The Glücksklee, or Lucky Clover, team, a group of students from Leibniz University Hannover in Germany whose project was selected to be launched aboard the International Space Station to study the effects of zero gravity on the symbiosis between the plant Medicago truncatula and the root bacteria Sinorhizobium meliloti. Novogene was selected as the sequencing partner for the project, and we will be analysing RNA samples to support the team in determining the effects of zero gravity on the expression of genes such as those associated with growth, stress response, and symbiosis.
The multidisciplinary team consists of students from plant biotechnology, biochemistry, mechanical engineering, computer science, horticulture, and plant cultivation backgrounds, all required to design an apparatus containing a biological and electronic unit to house the plants aboard the ISS and monitor factors such as temperature, carbon dioxide and humidity.
We recently caught up with Pia Bensch and Nils Wörz , plant biotechnology masters students and members of the Lucky Clover team that travelled to the Space Station Processing Facility (SSPF) to assemble the experiment before its launch from Florida back in March of this year. The experiment is now back in their lab in Hannover, safely frozen at -80°C while they develop protocols for extracting the precious RNA samples.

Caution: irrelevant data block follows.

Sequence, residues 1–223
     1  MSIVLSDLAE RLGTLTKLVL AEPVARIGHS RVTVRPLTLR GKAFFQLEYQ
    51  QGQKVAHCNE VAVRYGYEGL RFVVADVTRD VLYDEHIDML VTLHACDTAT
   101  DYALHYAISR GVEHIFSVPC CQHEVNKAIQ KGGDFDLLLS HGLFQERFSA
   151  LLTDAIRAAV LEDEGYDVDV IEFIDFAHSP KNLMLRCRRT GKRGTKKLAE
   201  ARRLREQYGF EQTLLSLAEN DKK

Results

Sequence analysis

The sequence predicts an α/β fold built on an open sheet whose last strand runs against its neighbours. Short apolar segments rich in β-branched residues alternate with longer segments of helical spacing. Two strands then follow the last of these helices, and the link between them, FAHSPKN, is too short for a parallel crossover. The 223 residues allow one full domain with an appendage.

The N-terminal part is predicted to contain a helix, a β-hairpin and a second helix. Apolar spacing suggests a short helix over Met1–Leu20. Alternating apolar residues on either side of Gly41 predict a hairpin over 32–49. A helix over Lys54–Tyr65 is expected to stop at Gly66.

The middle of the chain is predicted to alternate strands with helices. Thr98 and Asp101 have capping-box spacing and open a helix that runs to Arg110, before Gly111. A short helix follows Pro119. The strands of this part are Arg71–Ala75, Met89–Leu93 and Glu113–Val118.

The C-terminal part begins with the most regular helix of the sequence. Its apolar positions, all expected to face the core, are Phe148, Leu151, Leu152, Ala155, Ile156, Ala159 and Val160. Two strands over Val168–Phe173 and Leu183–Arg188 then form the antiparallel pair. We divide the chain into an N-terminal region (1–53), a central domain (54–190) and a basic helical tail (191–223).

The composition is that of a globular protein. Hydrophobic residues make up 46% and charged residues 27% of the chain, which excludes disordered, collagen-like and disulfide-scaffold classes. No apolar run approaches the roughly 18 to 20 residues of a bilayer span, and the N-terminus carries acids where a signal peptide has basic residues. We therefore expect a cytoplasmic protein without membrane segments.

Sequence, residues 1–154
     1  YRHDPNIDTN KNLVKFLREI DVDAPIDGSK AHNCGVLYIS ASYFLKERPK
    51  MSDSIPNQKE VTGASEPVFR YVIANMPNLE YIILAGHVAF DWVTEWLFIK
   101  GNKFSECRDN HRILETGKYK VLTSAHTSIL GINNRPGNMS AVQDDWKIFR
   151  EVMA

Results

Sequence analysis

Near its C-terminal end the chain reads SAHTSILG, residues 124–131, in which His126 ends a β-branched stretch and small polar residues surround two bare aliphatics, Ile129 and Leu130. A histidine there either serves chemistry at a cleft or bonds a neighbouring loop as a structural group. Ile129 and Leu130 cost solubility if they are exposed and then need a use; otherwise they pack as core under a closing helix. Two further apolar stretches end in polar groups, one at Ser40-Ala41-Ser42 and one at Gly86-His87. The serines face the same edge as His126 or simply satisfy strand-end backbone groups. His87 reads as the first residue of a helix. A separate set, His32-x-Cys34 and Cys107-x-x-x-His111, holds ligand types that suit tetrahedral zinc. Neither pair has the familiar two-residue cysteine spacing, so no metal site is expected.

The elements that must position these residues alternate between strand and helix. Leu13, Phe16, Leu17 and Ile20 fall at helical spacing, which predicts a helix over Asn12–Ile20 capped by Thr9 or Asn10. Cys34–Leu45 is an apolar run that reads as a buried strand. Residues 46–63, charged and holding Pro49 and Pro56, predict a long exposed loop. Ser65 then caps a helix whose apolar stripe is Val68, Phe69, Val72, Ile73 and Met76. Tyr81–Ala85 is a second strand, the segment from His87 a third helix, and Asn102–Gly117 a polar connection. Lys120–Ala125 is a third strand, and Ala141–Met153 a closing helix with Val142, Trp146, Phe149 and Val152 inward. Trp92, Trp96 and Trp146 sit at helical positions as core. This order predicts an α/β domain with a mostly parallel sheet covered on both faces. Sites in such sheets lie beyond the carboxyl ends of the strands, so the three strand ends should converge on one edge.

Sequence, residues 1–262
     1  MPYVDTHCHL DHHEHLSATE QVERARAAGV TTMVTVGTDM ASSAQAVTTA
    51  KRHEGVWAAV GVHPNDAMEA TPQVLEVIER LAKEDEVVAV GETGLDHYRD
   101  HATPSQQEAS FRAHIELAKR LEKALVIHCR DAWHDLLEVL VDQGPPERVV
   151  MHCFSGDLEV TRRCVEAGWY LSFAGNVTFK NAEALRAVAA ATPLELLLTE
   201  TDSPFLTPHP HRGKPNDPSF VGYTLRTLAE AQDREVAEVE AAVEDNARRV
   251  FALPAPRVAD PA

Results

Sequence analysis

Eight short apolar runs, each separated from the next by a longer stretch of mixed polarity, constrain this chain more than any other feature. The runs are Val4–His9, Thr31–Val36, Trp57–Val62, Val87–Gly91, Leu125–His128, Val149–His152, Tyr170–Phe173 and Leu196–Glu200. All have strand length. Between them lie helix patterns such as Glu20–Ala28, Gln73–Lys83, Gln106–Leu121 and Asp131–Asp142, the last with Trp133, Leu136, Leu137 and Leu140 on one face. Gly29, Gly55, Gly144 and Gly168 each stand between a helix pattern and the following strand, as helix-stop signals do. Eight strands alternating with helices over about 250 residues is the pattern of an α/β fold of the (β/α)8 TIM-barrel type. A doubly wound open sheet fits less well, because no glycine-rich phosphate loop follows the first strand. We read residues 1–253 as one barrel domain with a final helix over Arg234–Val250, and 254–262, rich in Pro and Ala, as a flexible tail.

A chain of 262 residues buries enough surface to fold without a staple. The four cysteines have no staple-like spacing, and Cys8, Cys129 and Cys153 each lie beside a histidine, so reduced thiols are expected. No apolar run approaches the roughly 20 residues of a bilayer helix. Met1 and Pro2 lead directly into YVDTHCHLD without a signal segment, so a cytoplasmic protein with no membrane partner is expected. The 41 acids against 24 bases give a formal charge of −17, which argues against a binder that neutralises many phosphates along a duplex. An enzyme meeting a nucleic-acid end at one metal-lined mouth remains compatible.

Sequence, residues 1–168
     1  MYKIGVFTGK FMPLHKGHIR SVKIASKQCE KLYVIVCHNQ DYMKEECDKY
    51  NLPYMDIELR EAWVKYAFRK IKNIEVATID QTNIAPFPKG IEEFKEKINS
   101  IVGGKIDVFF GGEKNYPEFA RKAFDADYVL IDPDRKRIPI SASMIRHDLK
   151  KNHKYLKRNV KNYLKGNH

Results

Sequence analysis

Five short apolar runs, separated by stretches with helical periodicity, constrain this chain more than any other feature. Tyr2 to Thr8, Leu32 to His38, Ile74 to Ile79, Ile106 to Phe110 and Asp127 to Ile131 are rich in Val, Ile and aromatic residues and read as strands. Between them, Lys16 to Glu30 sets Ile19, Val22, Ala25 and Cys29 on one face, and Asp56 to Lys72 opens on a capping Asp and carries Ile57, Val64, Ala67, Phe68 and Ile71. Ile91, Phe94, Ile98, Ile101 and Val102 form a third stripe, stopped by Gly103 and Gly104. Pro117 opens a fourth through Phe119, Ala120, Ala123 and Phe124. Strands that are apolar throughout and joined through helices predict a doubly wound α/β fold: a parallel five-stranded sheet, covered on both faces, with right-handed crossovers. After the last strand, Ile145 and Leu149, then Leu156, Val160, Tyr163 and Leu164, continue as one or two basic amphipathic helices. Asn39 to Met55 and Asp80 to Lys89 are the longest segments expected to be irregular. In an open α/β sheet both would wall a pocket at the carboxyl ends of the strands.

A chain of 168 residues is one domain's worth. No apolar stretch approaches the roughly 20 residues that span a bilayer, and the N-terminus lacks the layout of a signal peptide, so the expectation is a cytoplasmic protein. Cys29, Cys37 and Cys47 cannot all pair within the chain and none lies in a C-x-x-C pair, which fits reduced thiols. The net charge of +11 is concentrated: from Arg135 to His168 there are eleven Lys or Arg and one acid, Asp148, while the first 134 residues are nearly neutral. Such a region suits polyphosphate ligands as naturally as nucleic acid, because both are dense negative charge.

“We were able to use the lab facilities at the SSPF to assemble everything and then we had to test the set up under a vacuum to ensure it was actually airtight. We were quite nervous for this as we hadn’t been able to test this element in our own labs, but the vacuum held for the required 10 minutes and we were able to proceed to the launch”, said Pia.
“The launch was successful and a few days later we got our first data set and pictures”, said Nils. “The experiment was originally supposed to last for 40 days but the temperatures were slightly higher than we had planned. We eventually began to observe through CO2 and oxygen sensor data, and by looking at photos, that our plants weren’t doing so well so we requested that the experiment be cut short, and our plants frozen aboard the ISS before they died.”
The plants returned to earth earlier than planned but it was for the best, and training is underway for carrying out the RNA extraction.
“The issue right now is that the agarose gel the plants were growing in is frozen solid, and we need to figure out how best to extract the RNA without thawing it or the RNA is at risk of degrading. But we’ve been practising hard and next week we are going to attempt the extraction,” said Nils.
Novogene are delighted to be supporting such an exciting project and to be able to speak with the scientists involved. We wish the group the very best of luck with the rest of the work and look forward to receiving the RNA samples!
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